By Eric Atkins
Pastor, New Friendship Baptist Church, Cleveland
Several months ago our church received a certificate and letter from the International Mission Board congratulating us on reaching one of the four Lottie Moon Challenge Levels. New Friendship has received these certificates before so I wasn’t surprised to receive another one. This year, however, it is starting to feel much different. In the weeks since, news about the IMB’s Voluntary Retirement Incentive was released. Missionaries that are close to our church have faced the challenging decision of staying on, or retiring from the field. The immediate questions of “Pastor, what can we do?” sent us to our knees in prayer and God began to move our church to do even more in the area of giving.
In working through this process, we asked some difficult questions. Should we increase our Cooperative Program (CP) giving? Do we take a special offering? Do we increase our goal for the Lottie Moon Christmas Offering? As we were discussing these questions, the Executive Committee of the Southern Baptist Convention continued their emphasis on the 1% Challenge to increase CP giving. We were also encouraged learning that Cross Church in Arkansas exceeded the $1 million mark in CP giving for the year. I am grateful for Ronnie Floyd’s leadership to take Cross Church from $32,000 in 2005 (0.26 percent) to this year’s record amount (which is closer to the national average of 5.4 percent). Obviously, the 1% challenge is working as many churches are reinvesting in CP, but it doesn’t make sense for New Friendship.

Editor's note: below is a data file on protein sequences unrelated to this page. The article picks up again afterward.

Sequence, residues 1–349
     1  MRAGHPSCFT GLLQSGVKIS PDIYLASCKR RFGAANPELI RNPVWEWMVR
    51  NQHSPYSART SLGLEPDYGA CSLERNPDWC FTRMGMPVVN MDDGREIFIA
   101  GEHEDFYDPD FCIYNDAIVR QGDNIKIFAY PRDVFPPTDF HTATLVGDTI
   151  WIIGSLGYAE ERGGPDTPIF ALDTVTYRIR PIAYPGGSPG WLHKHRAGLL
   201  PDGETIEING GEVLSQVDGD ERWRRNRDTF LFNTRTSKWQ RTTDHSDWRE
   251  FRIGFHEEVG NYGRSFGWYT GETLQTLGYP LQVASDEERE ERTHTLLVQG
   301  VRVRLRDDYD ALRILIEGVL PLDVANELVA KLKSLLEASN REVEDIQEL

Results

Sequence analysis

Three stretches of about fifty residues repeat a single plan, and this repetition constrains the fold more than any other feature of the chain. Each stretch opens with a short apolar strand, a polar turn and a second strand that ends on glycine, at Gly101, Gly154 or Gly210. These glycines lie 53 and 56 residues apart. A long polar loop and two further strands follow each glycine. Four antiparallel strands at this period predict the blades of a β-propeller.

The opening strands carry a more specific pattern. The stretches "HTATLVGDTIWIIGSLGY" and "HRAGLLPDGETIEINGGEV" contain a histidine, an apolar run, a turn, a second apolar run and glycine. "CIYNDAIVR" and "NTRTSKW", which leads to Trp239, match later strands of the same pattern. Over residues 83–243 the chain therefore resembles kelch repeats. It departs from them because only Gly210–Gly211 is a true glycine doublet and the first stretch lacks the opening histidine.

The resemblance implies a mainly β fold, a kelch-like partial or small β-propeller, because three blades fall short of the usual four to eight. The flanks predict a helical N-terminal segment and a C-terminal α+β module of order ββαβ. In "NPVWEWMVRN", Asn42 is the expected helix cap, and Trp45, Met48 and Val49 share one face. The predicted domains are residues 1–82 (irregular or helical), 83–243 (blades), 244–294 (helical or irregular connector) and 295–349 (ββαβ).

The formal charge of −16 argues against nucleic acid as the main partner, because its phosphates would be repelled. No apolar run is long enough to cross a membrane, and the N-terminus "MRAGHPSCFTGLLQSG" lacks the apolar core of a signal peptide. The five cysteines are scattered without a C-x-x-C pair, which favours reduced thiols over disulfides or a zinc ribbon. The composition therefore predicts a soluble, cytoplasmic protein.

New Friendship gives 12.5 percent of our undesignated receipts to CP. The 1% Challenge, although important, is not a motivational factor for our church. What inspires us to give is knowing that every dollar given will be helping someone in the field and will ultimately lead to someone hearing the gospel and responding in faith. The IMB was short almost $20 million dollars last year. In Tennessee, $0.21 of every dollar given through the CP reaches the IMB and nationally the average is only $0.19. Using the national average, it would take over $100 million dollars to make up the yearly deficit in the IMB. Of course, this type of increase would also benefit state conventions that are being squeezed, as well as, the other entities of the SBC. (This also helps us see the need for other state conventions to follow the Tennessee Baptist Convention’s lead to reevaluate and reallocate CP dollars more efficiently.) So what did we decide to do to help?
God has blessed us with a very generous congregation. For the last two years we have met and exceeded the Lottie Moon Manchuria Challenge, which is named after the ship on which Lottie Moon died after 39 years of committed service to her Lord. This challenge is to give $100 or greater per worship attender. Since 2012, we have increased our LMCO giving by almost 47 percent and also increased our overall missions giving by almost 40 percent. We want to be sacrificial in our giving. Our finance team recommended that an additional amount should be added to our Lottie Moon Christmas Offering from our savings and encouraged our WMU leadership to set our LMCO goal to at least the level of last year’s giving, which exceeded last year’s goal by 26 percent. This recommendation passed without objection.
We understand that the 2015 Lottie Moon Christmas Offering will not insure that current missionaries will stay on the field, but it will make the statement that we are willing to sacrifice to see more missionaries commissioned and sent. This is a challenge to our church and for other churches. Let’s make an effort to make the Lottie Moon Christmas Offering a priority in 2015 and set our giving goals to a sacrificial level.